Adriaen van Ostade (1610 – 1685) Dutch painter

The Netherlands’ most important painter of peasant and low-life genre images was born in Haarlem in late 1610. He supposedly received coaching from fellow 'Haarlemmer’ Frans Hals, together with Flemish painter Adriaen Brouwer (1606-1638), who lived in the city until 1631. Their mutual influence is apparent in their early works.

As a member of the artist guild, Van Ostade became a well-known painter in his region. Besides painting, he made career in the administration of Saint Luke’s Guild, becoming head of office (hoofdman) in 1647 and dean (deken) in 1662. Frans Hals painted Adriaen van Ostade as hoofdman in ’47.

In his early work, Van Ostade depicted scenes of sinful peasants using Rembrandt's vigorous chiaroscuro style. Later, he portrayed calmer, more respectable people in carefully structured, cozy rooms. An extremely productive artist, Van Ostade produced more than eight hundred paintings, including portraits, still lifes and popular watercolours. His fifty etches were only surpassed in quality by Rembrandt. His students included his brother Isack and Jan Steen.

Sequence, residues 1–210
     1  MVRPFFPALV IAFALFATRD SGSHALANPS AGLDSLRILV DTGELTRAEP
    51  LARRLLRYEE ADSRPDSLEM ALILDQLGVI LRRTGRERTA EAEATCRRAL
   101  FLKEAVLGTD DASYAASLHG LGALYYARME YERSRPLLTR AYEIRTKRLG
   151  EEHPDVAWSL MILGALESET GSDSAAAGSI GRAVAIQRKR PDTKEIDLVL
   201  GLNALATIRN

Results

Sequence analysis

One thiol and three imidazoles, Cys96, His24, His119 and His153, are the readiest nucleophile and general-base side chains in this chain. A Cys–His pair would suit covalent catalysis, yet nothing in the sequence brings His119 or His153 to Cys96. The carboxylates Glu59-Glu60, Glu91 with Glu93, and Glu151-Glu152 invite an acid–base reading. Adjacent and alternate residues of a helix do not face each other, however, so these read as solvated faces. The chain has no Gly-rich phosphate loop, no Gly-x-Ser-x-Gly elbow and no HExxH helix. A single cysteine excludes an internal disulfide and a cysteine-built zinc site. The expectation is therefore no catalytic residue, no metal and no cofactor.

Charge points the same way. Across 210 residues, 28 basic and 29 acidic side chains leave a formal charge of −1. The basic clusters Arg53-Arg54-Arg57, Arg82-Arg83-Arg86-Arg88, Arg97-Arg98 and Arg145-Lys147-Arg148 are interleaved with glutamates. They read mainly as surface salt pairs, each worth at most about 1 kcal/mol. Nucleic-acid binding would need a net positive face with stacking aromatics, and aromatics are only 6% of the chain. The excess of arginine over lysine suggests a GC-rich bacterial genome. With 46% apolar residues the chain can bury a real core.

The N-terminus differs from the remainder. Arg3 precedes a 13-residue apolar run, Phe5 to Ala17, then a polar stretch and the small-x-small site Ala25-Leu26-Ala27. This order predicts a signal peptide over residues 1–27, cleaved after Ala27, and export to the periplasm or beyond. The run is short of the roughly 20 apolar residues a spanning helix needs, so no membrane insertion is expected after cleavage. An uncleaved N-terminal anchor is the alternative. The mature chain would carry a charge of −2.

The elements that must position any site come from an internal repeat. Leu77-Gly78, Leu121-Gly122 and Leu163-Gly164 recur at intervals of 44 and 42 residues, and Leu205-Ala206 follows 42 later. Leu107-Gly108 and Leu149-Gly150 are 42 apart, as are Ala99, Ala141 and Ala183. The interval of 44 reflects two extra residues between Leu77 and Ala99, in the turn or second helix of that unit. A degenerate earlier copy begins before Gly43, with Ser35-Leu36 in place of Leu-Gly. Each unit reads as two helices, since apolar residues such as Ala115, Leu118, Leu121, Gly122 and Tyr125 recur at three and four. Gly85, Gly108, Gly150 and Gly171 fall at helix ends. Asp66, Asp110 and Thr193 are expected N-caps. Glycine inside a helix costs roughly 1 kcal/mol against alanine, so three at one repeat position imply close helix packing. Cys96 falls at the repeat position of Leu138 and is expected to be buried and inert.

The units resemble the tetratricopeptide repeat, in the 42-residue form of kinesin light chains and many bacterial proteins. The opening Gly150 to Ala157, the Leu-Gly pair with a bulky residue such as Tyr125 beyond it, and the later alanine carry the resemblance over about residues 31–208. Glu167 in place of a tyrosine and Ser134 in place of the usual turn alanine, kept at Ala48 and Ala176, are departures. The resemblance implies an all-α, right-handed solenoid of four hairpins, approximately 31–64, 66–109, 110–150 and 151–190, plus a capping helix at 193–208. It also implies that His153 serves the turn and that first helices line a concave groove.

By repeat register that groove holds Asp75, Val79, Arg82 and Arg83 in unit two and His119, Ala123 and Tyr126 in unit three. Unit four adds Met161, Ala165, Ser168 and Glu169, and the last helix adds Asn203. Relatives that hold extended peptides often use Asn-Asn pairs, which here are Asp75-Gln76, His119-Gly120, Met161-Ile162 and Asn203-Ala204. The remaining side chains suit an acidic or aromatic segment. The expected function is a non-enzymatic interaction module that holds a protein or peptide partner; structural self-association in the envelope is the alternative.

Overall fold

Adriaen van Ostade married twice in his life, that he almost entirely spent in Haarlem. In 1672, however, at the time of the French invasion of the Netherlands, the painter temporarily fled Haarlem and moved to Amsterdam. After his death in April 1685, Johannes Vermeer directed the sale of the vast contents of Van Ostade's studio. He was buried in Saint Bavo's, the main church in Haarlem.

Many important museums have Van Ostade paintings in their collections. The Rijksmuseum in Amsterdam owns eight of these:

The collection of the National Gallery in London includes the following Van Ostade works:

The Wallace Collection in London consists of two:

Just three in the National Gallery of Art (Washington DC), one in the Metropolitan Museum of Art (New York) and one in the Getty Museum (Los Angeles) respectively: